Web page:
# pixel rectangle precise rotating [closed]

Take a look at this my question at stackoverflow.com, please. My goal is to avoid of purple borders around red rectangle. I get this vertical rectangles by rotating same-sized strongly red horizontal rectangles through its geometrical center. Best explanation of appearing of purple pixels is: this is a transform artifact. It happens if you rotate around a point that is not exactly on a full pixel (not so precise definition), so your transformed element ends up occupying half pixels on screen which the transform tries to mitigate with subpixel blending. So, my question is - which ratio should satisfy the width/height parameters of rectangle for better avoiding of this?

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## closed as off topic by Steven Stadnicki, LVK, Michael Greinecker♦, William, Guess who it is.Aug 31 '12 at 10:01

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while I expect this question to be closed as being unsuited for math.SE (it's wholly about implementation details of the transformation), I'll note that as you posed the question it's not clear that the dimensions of the rectangle have anything at all to do with it. –  Steven Stadnicki Aug 15 '12 at 23:25
I have no idea what program you're using, but can't you just turn interpolation off? –  Robert Mastragostino Aug 16 '12 at 0:00
@StevenStadnicki it is not about implementation. I could not change rotating-algorithm, only width and height of rectangle. –  scythargon Aug 16 '12 at 0:12
@RobertMastragostino no:( I could not change rotating-algorithm, only width and height of rectangle. –  scythargon Aug 16 '12 at 0:13
But it's entirely about implementation. Where are pixel-centers at, are they on whole numbers or on half-numbers? What parameters does the rotation function take? –  Steven Stadnicki Aug 16 '12 at 1:18

To expand my comment into a proper answer, based on my impression of what's going on: I'm going to presume that you're rotating by $90^\circ$ and want the edges of your rectangle to remain on pixel boundaries as opposed to half-pixel boundaries. In that case, as I said in the comment, the key is that your rectangle's width and height should both be of the same parity (i.e. either both odd or both even).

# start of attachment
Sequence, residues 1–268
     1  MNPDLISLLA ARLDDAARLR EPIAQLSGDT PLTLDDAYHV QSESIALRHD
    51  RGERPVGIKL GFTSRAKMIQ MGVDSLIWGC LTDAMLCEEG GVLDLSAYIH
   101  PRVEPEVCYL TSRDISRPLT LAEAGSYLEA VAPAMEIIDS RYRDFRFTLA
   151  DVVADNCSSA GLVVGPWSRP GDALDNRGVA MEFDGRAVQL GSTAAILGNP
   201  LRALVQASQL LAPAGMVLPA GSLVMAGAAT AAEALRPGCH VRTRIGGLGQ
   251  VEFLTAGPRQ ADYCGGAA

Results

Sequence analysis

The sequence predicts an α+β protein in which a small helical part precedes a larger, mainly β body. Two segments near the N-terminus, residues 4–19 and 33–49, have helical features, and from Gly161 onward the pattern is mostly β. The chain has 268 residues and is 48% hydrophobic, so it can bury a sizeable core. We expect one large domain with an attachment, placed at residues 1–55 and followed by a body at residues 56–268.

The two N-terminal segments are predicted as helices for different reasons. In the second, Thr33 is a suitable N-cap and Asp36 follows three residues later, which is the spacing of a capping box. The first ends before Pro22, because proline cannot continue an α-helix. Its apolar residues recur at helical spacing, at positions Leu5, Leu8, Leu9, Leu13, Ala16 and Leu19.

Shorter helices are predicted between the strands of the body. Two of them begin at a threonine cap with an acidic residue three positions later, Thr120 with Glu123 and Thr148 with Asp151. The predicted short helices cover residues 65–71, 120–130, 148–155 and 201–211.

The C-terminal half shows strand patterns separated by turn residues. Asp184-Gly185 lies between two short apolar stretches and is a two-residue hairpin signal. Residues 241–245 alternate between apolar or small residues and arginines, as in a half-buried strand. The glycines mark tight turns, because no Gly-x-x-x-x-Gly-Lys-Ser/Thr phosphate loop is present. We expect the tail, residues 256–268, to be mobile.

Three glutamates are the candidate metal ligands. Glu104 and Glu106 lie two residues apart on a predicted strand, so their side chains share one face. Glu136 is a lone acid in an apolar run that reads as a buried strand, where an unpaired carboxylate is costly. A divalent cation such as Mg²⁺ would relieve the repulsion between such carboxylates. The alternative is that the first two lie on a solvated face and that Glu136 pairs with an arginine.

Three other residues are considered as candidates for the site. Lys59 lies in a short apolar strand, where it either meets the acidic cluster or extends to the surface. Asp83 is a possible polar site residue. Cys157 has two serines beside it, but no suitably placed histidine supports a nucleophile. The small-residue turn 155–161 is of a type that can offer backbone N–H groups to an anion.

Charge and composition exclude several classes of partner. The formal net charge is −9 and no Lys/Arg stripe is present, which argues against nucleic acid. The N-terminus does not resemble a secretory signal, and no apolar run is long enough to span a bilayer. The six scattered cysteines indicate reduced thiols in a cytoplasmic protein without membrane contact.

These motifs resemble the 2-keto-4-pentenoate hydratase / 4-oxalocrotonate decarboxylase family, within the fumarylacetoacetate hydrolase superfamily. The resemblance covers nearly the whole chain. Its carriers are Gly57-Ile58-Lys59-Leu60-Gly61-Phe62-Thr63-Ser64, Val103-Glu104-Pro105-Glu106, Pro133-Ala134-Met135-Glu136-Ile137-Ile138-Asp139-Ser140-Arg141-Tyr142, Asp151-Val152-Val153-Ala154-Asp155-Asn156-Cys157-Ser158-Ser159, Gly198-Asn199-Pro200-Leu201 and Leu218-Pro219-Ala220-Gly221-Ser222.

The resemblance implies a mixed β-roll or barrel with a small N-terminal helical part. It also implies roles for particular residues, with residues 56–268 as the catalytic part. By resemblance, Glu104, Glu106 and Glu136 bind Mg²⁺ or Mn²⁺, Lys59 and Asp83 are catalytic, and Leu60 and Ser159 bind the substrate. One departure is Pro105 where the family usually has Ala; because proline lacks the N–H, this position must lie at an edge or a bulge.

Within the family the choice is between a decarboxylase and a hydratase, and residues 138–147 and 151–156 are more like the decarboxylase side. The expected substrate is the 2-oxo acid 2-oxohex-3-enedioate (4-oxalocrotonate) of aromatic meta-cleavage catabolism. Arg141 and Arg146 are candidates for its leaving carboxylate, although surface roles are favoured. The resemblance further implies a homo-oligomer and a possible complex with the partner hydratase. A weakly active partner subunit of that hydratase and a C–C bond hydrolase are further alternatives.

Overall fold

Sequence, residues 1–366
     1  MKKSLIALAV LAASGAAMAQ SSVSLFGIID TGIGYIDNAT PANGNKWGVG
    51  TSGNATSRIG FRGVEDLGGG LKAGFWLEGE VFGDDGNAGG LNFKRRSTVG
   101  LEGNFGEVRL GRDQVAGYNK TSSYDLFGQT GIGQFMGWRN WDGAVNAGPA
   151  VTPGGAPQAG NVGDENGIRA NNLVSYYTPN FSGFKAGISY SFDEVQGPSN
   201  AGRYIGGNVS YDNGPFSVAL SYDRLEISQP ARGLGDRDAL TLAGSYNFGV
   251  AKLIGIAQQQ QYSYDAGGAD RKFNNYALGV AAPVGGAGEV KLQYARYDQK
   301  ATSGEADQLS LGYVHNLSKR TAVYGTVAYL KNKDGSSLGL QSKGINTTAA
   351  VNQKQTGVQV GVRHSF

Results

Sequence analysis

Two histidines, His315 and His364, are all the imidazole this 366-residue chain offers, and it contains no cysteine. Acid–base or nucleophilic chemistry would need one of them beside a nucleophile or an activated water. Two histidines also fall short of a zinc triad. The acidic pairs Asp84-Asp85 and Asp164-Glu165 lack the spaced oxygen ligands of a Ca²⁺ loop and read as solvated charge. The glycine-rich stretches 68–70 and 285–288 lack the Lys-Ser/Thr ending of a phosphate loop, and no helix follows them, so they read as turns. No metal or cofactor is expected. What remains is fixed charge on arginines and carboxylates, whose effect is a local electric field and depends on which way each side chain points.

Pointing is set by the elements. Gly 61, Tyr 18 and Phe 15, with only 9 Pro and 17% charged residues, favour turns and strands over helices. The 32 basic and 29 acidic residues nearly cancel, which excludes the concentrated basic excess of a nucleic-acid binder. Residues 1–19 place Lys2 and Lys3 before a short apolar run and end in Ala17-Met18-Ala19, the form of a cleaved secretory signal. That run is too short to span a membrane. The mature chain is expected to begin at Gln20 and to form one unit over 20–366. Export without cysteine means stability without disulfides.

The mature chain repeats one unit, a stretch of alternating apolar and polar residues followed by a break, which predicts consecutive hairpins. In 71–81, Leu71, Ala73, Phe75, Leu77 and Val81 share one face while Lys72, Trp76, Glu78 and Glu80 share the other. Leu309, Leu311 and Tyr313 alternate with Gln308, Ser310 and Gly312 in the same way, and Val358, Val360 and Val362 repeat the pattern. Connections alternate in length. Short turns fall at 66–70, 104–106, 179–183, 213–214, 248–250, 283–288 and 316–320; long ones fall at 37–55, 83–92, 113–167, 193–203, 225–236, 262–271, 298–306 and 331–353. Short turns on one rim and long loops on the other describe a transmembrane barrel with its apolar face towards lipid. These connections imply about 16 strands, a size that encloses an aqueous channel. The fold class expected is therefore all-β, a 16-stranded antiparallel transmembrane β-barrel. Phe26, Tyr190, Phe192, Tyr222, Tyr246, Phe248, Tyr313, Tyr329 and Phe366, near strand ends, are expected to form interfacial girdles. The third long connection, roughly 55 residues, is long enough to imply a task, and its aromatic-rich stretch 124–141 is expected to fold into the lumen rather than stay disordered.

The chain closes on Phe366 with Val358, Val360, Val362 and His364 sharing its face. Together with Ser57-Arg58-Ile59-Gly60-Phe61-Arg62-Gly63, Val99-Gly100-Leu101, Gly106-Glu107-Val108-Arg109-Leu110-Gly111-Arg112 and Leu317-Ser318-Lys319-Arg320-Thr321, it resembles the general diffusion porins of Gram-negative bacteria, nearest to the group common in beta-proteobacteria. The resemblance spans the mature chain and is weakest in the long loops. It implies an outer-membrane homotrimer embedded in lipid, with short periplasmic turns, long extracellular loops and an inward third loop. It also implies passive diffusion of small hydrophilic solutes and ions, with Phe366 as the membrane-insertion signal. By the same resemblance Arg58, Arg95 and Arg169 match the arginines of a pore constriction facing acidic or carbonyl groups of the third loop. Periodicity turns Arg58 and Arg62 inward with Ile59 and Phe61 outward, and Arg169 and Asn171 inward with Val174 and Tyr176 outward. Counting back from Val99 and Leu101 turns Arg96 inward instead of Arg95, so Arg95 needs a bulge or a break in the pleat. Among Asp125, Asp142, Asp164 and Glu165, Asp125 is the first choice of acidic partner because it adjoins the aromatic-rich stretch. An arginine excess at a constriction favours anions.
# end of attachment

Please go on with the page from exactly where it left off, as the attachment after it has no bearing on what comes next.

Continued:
Here's the rough explanation: suppose that your rectangle covers the area from $(0,0)$ to $(w,h)$. Then its center will be at $(w/2, h/2)$ with the horizontal edges at $w/2\pm w/2$ (i.e., $0$ and $w$) and the vertical edges at $h/2\pm h/2$. after rotating by $90^\circ$, the center stays the same but now the width and height are interchanged; the horizontal edges are at $w/2\pm h/2$ and the vertical edges at $h/2\pm w/2$. Note that if any of these is a whole number, then all of them are; and since for instance $w/2+h/2 = (w+h)/2$ the condition that any are whole numbers is precisely the condition that $w+h$ is divisible by two, or that $w$ and $h$ have the same parity.

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Thanks a lot... Your impression is right. But what do you mean - "Note that if any of these is a whole number, then all of them are" - what these and them? May be if I understand this - I'll understand all the next:) Also, your solution works great! Thanks!:) –  scythargon Aug 16 '12 at 11:12
I mean if any of the four quantities representing the edges ($a=w/2+h/2$, $b=w/2-h/2$, $c=h/2+w/2$ and $d=h/2-w/2$) is an integer, then all of them are. $a=c$ and $b=-d$ so those are obvious, but if $a$ is an integer then $b$ must be because $b=a-h$, and likewise if $b$ is an integer then $a$ must be because $a=b+h$. –  Steven Stadnicki Aug 16 '12 at 18:35
I get it, thanks, and I thinks that I get the last sentence of your answer too, but I still dont understand how did you get the same parity of w and h as a result of all of this:) Can you explain it please? –  scythargon Aug 16 '12 at 22:12
To be honest, I don't feel like I can any better than I have already tried. Instead, why don't you try? First plug in let's say $w=200,h=100$ to see what happens and where your rotated rectangle goes; then plug in $w=150,h=75$ to see what goes wrong; then plug in $w=175,h=75$ to see why the answer is '$w$ and $h$ have to have the same parity' and not just '$w$ and $h$ both have to be even'. –  Steven Stadnicki Aug 17 '12 at 0:11